The most exciting thing about traveling is the discovery of new experiences that stimulate all your senses. Well, this hike around Cap d’Antibes in Côte d’Azur did just that! It is one of the highlights of our trip to the French Riviera. My daughter and I took the bus from Nice to Antibes and then caught a local bus to our starting point at Phare. We hiked to the town’s tiny chapel on the top of the hill at the highest point of Cap d’Antibes with mesmerising view of the Mediterranean Coastline, with St. Tropez to the south and Italy to the north.  We descended down on a little long stone path to the beach at the edge of town. After more than an hour walk in the blazing sun, we arrived at Plage de la Garoupe looking for the signpost for the path that circles the Cap. But this point, we were already exhausted, sweaty, thirsty and hungry. When we saw the cluster of seafront restaurants, we couldn’t pass up the opportunity to refuel and rehydrate. We were delighted with a delicious local fresh seafood meal by the sea in the typical French leisure style.

With our bodies recharged, we were ready to start our pilgrimage to the southern end of the Cap. We picked up the the costal footpath, Sentier Littoral, at the end of the sandy beach. Along this rocky hike, my daughter and I had the best mother-daughter chat about life as we admired the breathtaking views. She turns 19 in a few months and will be returning to college after the summer so moments like these are food for my soul.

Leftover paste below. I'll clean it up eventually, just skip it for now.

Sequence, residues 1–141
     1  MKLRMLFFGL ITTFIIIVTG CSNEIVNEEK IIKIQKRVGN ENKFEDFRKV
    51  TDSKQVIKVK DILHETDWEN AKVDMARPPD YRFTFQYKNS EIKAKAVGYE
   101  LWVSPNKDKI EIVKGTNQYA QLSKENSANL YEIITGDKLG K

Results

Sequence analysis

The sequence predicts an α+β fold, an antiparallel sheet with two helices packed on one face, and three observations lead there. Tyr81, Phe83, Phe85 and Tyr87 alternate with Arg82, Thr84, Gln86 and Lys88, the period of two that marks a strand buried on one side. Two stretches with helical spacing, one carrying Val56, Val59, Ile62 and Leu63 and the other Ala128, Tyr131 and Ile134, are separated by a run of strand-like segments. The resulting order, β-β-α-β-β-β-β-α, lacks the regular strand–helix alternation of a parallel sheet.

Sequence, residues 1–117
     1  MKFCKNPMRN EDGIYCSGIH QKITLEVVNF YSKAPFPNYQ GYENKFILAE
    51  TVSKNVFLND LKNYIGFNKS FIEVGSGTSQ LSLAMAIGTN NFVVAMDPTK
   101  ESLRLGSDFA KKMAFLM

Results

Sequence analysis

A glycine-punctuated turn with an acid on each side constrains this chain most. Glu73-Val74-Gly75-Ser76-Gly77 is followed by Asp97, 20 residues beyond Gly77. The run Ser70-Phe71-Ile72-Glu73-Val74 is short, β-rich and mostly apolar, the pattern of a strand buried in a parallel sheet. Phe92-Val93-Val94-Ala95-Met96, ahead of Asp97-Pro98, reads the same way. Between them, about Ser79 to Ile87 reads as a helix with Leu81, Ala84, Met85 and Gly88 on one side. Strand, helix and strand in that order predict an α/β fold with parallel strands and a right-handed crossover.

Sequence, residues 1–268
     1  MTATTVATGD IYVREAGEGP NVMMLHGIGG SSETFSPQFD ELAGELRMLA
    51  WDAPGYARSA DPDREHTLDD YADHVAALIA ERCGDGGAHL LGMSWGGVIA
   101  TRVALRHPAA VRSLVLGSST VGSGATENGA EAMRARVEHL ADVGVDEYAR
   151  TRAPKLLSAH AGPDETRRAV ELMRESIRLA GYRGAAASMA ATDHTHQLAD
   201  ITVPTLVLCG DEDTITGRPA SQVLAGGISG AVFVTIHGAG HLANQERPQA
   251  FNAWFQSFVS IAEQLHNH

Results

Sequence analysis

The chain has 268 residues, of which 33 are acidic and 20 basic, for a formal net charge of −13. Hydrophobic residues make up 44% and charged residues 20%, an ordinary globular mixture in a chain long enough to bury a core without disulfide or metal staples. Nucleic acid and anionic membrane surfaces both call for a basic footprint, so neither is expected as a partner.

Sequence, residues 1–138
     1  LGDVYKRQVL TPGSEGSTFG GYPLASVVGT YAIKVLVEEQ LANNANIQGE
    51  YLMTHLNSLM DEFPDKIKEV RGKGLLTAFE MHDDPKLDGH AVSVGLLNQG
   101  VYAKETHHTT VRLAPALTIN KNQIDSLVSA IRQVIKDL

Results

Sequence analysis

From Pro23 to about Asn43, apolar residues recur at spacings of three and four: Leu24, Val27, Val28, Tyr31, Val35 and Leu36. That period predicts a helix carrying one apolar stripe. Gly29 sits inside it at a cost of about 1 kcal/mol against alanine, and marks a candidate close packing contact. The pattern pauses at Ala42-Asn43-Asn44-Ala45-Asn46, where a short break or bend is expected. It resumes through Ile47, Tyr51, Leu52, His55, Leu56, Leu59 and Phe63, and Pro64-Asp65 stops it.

With the recent terror attack in Nice on Bastille Day, it may instill fear in even the most adventurous traveler. We were thankful that we arrived home safely 2 days before the tragedy. On our journey home, I saw a quote on a billboard that continues to resonate with me “Those who live see much. Those who travel see more.” I must add that those who travel feed their senses most. Don’t ever go hungry but just choose your diet carefully!


New Year, New Energy Bar

If you are like most people, your New Year’s resolution has to do with weight loss or better eating habits. Towards that goal, are you still relying on the same old energy bar to keep your hunger in check. Most bars are high in calories and full of sugar in one form of another that raises your blood sugar. No wonder that extra weight is not coming off as fast as you want. Being a healthy foodie, I wouldn’t want to eat an artificial snack bar to displace my delicious food calories. When I recently discover a new bar called Tosi,  I couldn’t be more excited. It is a bunch of delicious nuts (cashew or almond), chia seeds and flax seeds  pressed into a bar. Tosi calls it “super bites”. It delivers everything it promises on the label: protein, omega 3’s, and fiber. Not only is it truly nutritious, it is also organic, gluten-free, and vegan. That’s bonus for those who care about the environment. Check out their website – http://www.tosihealth.com – for specific nutrition facts. Since I am addicted these tasty bites, it’s a good thing I can buy them at Renaissance ClubSport where I work.